Baer completely disregarded the threat of the pass, similar to what he did in 2003 against Craig Candeto. The safeties played almost exclusively in run support to stop the outside threat from the slotbacks. Coach Jasper tried to make the defense pay, but Kriss Proctor could only complete 9 of 20 (!) passes. There were even more pass plays called, but Kriss was also sacked three times, and most of his 82 rushing yards came on scrambles.
This is the exact strategy that Louisiana Tech used against Navy in 2010. The difference between those two games is that Ricky Dobbs was a much, much better passer than Kriss Proctor. Kriss was effective enough in the passing game when the coaches were able to use it as a change of pace through play-action to catch the defense off-guard, but it was a different matter when they were forced to rely on his arm to move the ball. Trey Miller has been hot and cold in the passing game so far this year and isn’t quite as good as Ricky, but he is undoubtedly a better passer than Kriss. If the Navy offensive line can give him time, he is accurate enough to make the throws that Kriss couldn’t.
That’s a big if, though. The reason why the San Jose State coaching staff feels so comfortable daring Navy to pass is that they can get tremendous pressure on the quarterback, thanks in large part to defensive end Travis Johnson. Johnson had 11 tackles in last year’s game (including 1.5 sacks) as he chased Kriss all over the field whenever he dropped back to throw. He had a 4-sack game against UC Davis, and his 24 career sacks lead all active I-A players. San Jose State has already recorded 17 sacks on the year, including 5 last week in a win over San Diego State. Their defense hasn’t been very good against the run, but they will use their scheme to force the Mids to play to their biggest strength.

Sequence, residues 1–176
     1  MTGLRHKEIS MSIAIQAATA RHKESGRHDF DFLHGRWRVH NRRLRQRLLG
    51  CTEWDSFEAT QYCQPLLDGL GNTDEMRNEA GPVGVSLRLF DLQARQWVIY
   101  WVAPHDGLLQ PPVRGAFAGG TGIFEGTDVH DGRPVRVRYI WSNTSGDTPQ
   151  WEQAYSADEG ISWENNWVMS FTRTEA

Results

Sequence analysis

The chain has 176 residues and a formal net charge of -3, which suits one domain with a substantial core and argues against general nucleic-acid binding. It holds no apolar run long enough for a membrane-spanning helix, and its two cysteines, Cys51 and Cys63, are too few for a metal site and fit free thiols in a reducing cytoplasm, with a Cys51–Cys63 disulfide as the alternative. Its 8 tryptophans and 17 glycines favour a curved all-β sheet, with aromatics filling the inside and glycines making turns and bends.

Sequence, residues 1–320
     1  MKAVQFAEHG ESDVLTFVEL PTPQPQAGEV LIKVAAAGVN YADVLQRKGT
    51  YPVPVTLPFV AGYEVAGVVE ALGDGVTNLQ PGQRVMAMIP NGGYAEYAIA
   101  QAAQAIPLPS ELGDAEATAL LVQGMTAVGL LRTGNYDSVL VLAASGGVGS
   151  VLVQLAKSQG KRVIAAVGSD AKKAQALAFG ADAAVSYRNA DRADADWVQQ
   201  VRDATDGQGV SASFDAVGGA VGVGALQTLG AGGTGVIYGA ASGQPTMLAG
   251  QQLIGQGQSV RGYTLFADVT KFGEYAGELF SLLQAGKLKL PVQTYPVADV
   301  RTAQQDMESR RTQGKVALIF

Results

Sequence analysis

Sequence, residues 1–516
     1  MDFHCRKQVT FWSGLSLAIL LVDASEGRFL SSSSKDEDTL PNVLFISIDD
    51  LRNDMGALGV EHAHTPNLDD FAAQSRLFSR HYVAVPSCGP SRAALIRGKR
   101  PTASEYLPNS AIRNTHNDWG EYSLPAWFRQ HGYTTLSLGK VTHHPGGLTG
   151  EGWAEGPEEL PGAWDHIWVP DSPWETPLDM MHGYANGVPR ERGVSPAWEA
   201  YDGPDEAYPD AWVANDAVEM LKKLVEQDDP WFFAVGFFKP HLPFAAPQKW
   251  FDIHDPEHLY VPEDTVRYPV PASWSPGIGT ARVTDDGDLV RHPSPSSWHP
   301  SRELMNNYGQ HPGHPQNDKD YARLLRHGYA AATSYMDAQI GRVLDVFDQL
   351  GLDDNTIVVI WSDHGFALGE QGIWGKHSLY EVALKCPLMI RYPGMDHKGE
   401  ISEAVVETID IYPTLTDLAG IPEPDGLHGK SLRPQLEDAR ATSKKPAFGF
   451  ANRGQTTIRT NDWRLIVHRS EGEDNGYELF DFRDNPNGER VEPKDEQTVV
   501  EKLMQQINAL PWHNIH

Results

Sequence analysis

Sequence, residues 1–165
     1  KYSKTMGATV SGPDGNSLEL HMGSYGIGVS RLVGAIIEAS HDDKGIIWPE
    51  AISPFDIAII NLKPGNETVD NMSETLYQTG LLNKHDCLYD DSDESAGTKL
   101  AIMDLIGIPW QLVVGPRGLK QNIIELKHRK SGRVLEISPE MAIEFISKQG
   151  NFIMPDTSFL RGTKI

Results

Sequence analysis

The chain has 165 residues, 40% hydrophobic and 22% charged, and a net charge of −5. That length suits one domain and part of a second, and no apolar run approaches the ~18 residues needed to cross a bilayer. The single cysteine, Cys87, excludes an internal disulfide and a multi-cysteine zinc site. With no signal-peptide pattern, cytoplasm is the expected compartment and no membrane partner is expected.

Offensively, San Jose State is even better. They like to throw the ball and have a top-20 passing offense that is averaging 305 yards per game. Even more impressive than that– and more dangerous for Navy– is that they are 13th in the nation in passing efficiency. Starting quarterback David Fales just doesn’t make many mistakes, completing 72% of his passes so far while throwing 9 TDs and only two INTs. He had 370 yards against Colorado State, and threw for 260 and 4 TDs against a very respectable San Diego State team last week. For a defense that likes to play bend-but-don’t-break while counting on missteps from the opposing offense, that’s bad news.
As much as Notre Dame challenged Navy’s defense physically, San Jose State will test them schematically. SJSU uses a lot of formation-shifting and motion before the snap in an effort to throw defensive players off their assignments. While they like to throw more than they run, their running attack is very similar to what the Mids saw against Notre Dame, with a lot of zone stretch and option plays out of pistol formations. The option is particularly a factor when quarterback Blake Jurich comes into the game. SJSU uses a two-quarterback system, with Fales as the passer while the bigger, stronger Jurich is more of a runner. Jurich isn’t only a runner, though, and completed passes when defenses became too aggressive against the run. Navy’s defense has played a lot better the last two weeks, but between the shifting, zone running, option, Fales’ accuracy, and the two-QB system, their newly discovered discipline will be put to one brutal test.
Regardless of how Navy has looked in their games so far this year, the end results have been what most people expected them to be. The Mids are 1-2 after facing two BCS-level behemoths and one overmatched 1-AA team. This is the first “normal” game, for lack of a better term. Because of that, it might also be the most telling. San Jose State is a very good team, maybe the best that Navy has left on the schedule. A win here would mean a lot. There’s a huge difference between 2-2 and 1-3.